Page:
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Monday, June 5, 2017

Exaggeration of Asthma (Staticus Asthmaticus)

How they present when you are in their rooms.
A diagnosis sometimes observed in the clinical setting is an exaggeration of asthma (staticus wheezicus). These patients often have a diagnosis of asthma/ COPD, although often learn to play it to their advantage.

Clinical Presentation: You can observe them from the doorway, such as while they are sleeping, and they are fine. But as soon as you wake them up, they have a forced, expiratory, almost stridorous wheeze. It is often audible. They may appear fine as you enter their rooms, although as soon as you pull out your stethoscope they start forcibly exhaling. Heart rate may be elevated slightly. Oxygen saturation is usually within normal range. (This section was submitted to me by a reader here at the RT Cave, and published with permission. )

Differential diagnosis.  The RT Cave sponsored a committee of 20 respiratory therapists and five doctors. During a meeting on January 27, 2017, they came up with three mechanisms for establishing a diagnosis.  They are:
  1. Doorway Observations. It's  beneficial to observe them while they are sleeping from the doorway. If they are sleeping comfortably you can rule out asthma and rule in staticus asthmaticus
  2. Pursed Lip Trick. Have patient breathe through pursed lips. You cannot fake a wheeze through pursed lips. If you hear a wheeze while patient breathing through pursed lips you can diagnose asthma. If you do not hear a wheeze, then the diagnosis is staticus asthmaticus.  (Note: Those who have a long history of staticus wheezicus learn this trick and generally ignore requests for them to do it.) 
  3. Denials. Similar to Munchausen syndrome, these patients will never admit what they are doing even when called on it by physicians and faced with evidence. Adamant denial, and claiming that they hate the doctor that called them on their bluff, is the most common sign indicative of staticus asthmaticus
How they present once they are admitted and alone. 
Treatment. Our committee concluded that they usually have an actual diagnosis of asthma, so QID Duonebs are usually indicated. They are usually given systemic corticosteroids just in case they might be telling the truth. They also insist on anxiolytics or pain relievers. They would benefit from psychological consults, although they usually refuse this. Even though their oxygen saturation is normal, they often insist upon supplemental oxygen, either the nasal cannula or oxygen masks. The best treatment is early diagnosis and calling them on their bluff. Just be open and honest with them. What makes this tricky is the fact that most healthcare providers have tons and tons of empathy. Plus, there is always the fear that they might be telling the truth. So, this often leads to overtreatment.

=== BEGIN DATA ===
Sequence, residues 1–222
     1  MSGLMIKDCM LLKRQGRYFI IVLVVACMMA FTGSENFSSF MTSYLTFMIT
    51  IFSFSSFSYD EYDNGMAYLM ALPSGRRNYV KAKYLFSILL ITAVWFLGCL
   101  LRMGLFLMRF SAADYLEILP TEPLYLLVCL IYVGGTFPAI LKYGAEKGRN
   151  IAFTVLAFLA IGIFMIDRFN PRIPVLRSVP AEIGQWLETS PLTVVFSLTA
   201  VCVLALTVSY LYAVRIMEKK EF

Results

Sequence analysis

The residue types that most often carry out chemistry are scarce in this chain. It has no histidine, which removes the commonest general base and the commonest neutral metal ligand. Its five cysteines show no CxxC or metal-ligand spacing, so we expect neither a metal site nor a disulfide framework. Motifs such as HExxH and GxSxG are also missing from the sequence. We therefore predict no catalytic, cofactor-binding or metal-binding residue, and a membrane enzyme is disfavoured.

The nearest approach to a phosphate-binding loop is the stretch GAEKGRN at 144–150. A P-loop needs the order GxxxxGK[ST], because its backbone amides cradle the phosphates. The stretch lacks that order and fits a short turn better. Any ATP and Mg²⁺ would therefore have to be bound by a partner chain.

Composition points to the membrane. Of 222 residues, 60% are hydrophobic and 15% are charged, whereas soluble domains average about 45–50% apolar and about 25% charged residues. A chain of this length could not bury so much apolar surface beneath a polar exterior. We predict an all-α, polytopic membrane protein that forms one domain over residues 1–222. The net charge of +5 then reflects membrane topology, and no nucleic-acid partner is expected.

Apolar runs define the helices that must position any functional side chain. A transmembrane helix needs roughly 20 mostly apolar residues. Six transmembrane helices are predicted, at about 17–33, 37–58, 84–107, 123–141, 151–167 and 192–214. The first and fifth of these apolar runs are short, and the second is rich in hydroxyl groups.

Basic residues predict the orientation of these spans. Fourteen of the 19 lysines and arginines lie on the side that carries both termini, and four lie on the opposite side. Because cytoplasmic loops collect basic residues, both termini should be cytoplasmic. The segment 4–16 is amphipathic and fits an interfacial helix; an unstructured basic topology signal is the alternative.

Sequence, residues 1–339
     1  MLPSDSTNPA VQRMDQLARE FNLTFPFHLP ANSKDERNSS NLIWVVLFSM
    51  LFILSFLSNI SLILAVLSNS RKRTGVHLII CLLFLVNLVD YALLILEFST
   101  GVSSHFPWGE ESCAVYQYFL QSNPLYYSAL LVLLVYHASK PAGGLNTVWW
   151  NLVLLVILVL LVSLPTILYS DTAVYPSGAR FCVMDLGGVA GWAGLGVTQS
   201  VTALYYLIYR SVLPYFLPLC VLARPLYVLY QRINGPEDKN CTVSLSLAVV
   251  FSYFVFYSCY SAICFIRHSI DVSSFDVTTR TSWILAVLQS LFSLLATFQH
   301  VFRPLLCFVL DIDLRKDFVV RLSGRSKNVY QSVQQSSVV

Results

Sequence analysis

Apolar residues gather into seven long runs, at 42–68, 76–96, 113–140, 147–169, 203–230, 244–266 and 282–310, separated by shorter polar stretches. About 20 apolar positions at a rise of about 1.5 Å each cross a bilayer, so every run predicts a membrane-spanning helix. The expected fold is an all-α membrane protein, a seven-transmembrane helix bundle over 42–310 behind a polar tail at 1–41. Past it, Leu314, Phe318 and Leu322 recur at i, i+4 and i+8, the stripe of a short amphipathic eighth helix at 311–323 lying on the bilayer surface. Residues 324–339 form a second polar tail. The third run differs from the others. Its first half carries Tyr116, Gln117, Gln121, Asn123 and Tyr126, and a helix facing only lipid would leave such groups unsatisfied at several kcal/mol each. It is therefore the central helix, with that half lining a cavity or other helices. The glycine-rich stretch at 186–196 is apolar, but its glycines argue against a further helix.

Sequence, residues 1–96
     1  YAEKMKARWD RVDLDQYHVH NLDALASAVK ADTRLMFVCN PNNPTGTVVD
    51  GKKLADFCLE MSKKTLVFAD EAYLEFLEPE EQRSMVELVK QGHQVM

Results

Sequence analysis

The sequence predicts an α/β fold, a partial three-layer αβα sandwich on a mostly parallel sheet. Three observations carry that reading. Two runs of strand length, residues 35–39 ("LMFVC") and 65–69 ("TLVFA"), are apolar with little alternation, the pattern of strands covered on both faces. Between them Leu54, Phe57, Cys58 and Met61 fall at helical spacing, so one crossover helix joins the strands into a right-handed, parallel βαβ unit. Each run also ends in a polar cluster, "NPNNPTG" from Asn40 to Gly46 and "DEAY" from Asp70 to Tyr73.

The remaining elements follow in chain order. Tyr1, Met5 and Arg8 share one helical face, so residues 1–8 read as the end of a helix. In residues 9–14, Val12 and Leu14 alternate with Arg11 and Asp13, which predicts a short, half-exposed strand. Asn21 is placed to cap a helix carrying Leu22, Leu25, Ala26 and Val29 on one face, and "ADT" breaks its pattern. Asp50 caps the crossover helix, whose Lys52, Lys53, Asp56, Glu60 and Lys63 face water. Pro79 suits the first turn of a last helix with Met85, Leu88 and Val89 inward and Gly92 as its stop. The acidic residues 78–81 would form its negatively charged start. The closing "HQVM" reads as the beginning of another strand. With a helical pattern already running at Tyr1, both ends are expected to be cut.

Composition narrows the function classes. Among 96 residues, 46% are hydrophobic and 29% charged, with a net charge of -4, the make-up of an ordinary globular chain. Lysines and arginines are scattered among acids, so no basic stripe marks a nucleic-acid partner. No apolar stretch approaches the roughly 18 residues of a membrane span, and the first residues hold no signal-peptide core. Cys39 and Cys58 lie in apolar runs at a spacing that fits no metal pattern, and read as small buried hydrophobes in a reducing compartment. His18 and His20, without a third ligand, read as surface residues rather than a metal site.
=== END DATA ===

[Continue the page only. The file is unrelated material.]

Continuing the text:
Etiology. Our committee decided that their fake bronchospasms are usually psychosomatically induced, meaning that it's all in their heads. The exact cause may be stress, such as annoying family members, work, or school. It may also be attention seeking induced in order to improve self-esteem. The theory here is that the attention and empathy received in the hospital setting boost self-esteem. Some may also be drug seeking, although this is never confirmed.

Discharge. Our committee decided that they usually do not want to be discharged. As soon as they learn you are thinking discharge, they go on a strong, self-induced coughing fit. They may be fine one minute, perhaps even involved in an interesting discussion. Then, out of the blue, they embark on a serious coughing fit, which sometimes results in true bronchospasm. An alternative to coughing is sudden onset chest pain.

Consequences. Our committee noted that they sometimes suffer from overtreatment, and what is referred to as the accelerated side effect-effect. This is where one medicine is used to treat fake symptoms, and this presents with side effects. A second medicine is given to treat the side effect of the first medicine, and this second medicine also has side effects. A third medicine is given to treat the side effect of the second medicine, and this medicine has side effects and so on and so on. This can often result in an endless cycle of long hospital stays and repeated re-admissions, making these patients very costly. This condition is extremely difficult to treat, making an early diagnosis of staticus asthmaticus extremely important.

Prognosis. With early diagnosis and proper treatment, the prognosis is good. However, diagnosis is usually missed until the patient becomes a repeat offender. Other than accelerated side effect-effect, a secondary complication results from the difficulty of empathetic healthcare providers to call these patients on their faux asthma. This often results in lengthy and expensive hospitals stays and the inability for these patients to gain the psychological consultation that they truly need. (Note: This prognosis was submitted by a Pulmonologist. He gave us permission to use his name. The RT Cave has decided to keep his name anonymous anyway for his own protection.)

Disclaimer. The above is a facetious characterization drawn by the readers of the RT Cave and on conclusions by our committee. Any resemblance to actual patients is merely coincidental. Mr. Frea is not responsible for the content of this post, as all he did here was compile together comments from our readers and our committee. 

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